I’ve started a new IBM Redbook residency this week. A bit different to those that I’ve previously worked on, as work and family commitments don’t allow for travel. So I’ll be working remotely, and part-time, from Australia while the rest of the team are in Mainz, Germany.
The aim is to produce a new Redbook on IBM N Series Clustered Data ONTAP (cDOT), and to update the existing N Series hardware and software guides. I was also on the team that produced the previous update to the N Series hardware and software guides.
I’d describe myself as very experienced with Data ONTAP 7 (or DOT 8 in 7-mode). I was first NCDA certified in 2005, and have since collected an embarrassing array of NetApp certs. I also worked at NetApp as a technical instructor, and wrote the original NCDA certification study guide. But so far my experience with Clustered mode has been minimal.
For me, this is a great opportunity to keep my technical skills current, whilst contributing my experience and new knowledge back to the book.
I’ll update this post over the next few weeks to document my experiences.
Week 1 – Back to school
The first week was spent in a Clustered ONTAP 8.2 Administration course, to get us all up to speed with the new features. The course was presented via WebEx in a “virtual live” format. The WebEx format worked well, with a very knowledgeable instructor, and plenty of opportunity to ask questions.
The gotcha for me, is that the course was scheduled for Central European time, since that’s where the rest of the residents are located. That’s 5pm-1am here in Melbourne, Australia. With my day job, and family too, this made for a _very_ long week.
My first impressions of cDOT are very positive, with much of the traditional ONTAP goodness still familiar, though enhanced in many ways. At the same time, the change from Active/Active ‘Clustered’ controllers, to a scalable cluster that is built from ‘HA Pairs’ has altered the behaviour of many features.
I felt a bit like a wide-eyed Dorothy in the Wizard of Oz – we’re not in Kansas anymore!
Here’s a quick list of some changes in Cluster mode:
- Clustered ‘HA Pairs’ replace the traditional dual Active/Active controller design.
- Fail-over within a HA Pair is improved by using Storage Fail Over (SFO) instead of Cluster Fail Over (CFO).
- Different resource types, such as aggregates, volumes, and network ports & interfaces, are now bound either to physical nodes, vservers, or are cluster-wide.
- Vservers, otherwise known as Storage Virtual Machines (SVM), replace the vfiler Multistore feature.
- Whereas a 7-mode Virtual Interface (VIF) is bound to a physical node, its replacement, a Logical Interface (LIF), is bound to a logical vserver (cluster-wide).
- SnapMirror loses its Qtree and Synchronous modes, but gain several other features, such as LoadSharing mirrors
- SnapVault is now based on Volume SnapMirror, so retains the storage efficiency features of the source (deduplication and compression)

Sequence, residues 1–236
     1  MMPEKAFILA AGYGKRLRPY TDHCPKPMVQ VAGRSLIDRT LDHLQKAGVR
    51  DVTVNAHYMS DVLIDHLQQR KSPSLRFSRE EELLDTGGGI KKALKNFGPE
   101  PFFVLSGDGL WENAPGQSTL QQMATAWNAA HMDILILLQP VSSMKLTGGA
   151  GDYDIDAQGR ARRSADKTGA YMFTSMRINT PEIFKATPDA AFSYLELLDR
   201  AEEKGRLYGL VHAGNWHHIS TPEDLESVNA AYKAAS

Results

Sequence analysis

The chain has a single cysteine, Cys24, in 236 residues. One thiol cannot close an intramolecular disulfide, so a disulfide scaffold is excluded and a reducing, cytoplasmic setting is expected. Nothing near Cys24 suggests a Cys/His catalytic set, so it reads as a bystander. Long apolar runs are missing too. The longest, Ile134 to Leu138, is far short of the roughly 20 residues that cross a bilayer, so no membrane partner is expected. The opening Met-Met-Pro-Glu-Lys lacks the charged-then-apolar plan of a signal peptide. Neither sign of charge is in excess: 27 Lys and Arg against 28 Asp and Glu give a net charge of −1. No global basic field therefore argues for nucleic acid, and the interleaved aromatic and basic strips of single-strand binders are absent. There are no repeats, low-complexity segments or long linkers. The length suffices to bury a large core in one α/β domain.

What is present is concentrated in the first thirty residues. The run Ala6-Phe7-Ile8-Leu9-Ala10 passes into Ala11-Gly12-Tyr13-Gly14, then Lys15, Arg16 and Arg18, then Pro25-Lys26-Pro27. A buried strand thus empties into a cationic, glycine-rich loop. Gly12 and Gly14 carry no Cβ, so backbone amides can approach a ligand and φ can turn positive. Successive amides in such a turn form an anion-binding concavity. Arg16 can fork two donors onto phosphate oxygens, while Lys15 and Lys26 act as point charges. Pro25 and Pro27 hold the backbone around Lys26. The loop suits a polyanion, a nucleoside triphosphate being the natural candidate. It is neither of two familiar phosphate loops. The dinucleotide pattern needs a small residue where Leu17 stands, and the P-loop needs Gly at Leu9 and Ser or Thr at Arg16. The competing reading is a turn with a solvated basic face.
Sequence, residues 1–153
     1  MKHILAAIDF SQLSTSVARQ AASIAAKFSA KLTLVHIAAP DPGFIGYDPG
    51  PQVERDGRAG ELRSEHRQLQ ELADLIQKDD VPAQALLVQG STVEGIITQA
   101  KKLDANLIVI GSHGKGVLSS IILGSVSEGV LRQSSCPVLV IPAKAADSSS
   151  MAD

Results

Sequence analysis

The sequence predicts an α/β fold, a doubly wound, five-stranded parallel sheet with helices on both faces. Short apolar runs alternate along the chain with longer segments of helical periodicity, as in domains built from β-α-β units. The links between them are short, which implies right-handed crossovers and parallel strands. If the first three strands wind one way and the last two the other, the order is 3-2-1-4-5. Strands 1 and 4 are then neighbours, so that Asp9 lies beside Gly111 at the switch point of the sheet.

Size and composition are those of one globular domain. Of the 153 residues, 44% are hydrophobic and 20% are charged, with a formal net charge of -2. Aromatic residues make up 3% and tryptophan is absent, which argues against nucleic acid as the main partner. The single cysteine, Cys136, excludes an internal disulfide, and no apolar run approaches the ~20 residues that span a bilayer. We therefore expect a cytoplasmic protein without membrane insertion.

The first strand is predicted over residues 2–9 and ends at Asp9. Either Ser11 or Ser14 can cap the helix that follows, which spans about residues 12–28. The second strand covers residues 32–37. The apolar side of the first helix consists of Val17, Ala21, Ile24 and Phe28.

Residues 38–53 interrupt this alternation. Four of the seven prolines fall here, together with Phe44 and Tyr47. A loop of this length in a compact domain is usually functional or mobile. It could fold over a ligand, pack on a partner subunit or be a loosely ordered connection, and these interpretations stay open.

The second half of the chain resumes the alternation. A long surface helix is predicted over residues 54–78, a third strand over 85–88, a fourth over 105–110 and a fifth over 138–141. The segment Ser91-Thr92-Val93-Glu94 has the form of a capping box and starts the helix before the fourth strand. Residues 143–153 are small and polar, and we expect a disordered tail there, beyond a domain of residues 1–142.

- Some features from 7-mode are not available, but may be expected in future versions. (e.g. SnapLock, MetroCluster, SyncMirror, etc).
There are many more that I’ve not mentioned in the above list, but for those you’ll need to read the book (or at least the updates to this post
Week 2 – Meet the team
It’s only the start of the week, but here’s a screen shot of the kick-off meeting. We used Google Hangouts as a good way for the team to ‘meet’.
My fellow residents are (from left to right): Christian Fey, Danny Yang, Michal Klimes, Roland Tretau (leader, main screen), myself, and Tom Provost.
This meeting was a brain storming session to create a draft Table of Contents for the book, main parts, chapter topics, etc. Once the ToC is agreed we’ll assign different chapters to each team member to complete.
I’m going to start on the updates to the existing H/W guide and 7-mode S/W guide. This is a good fit for working remotely as it’s separate from the Cluster mode book, though there will be common sections that should be easy to adapt. Once I’ve finished updating the existing books I’ll rejoin the rest of the team.
All Redbooks are developed in Adobe FrameMaker, so one of the first tasks for any resident is to install the FM software and the ITSO custom toolkit. The ITSO have developed an applet called QAM (Quick Access Menu) that automates many book creation tasks. This also ensures that the authors, who are often new to FrameMaker, always follow the ITSO style.
By the end of the week I’ve merged the contents of both the h/w and s/w guides into the new book files, and have started reviewing new material for inclusion.
The main challenge so far hasn’t been working remotely, but in trying to find time to work on the book part-time. I’m still doing my day job too, and anyone who’s worked at IBM knows that already requires 100% effort!
Sometimes storage insight comes from the most unlikely of places…
I recently attended an IBM IT Architect networking event where the topic was IBM’s Smarter Planet initiative. One of the talks, by IBM software Architect Andy Heys, was on the topic of Smarter Transportation. His talk included an example of IBM’s Traffic Planning Tool and how IBM had developed a traffic prediction model for the Singapore Land Transport Authority (LTA).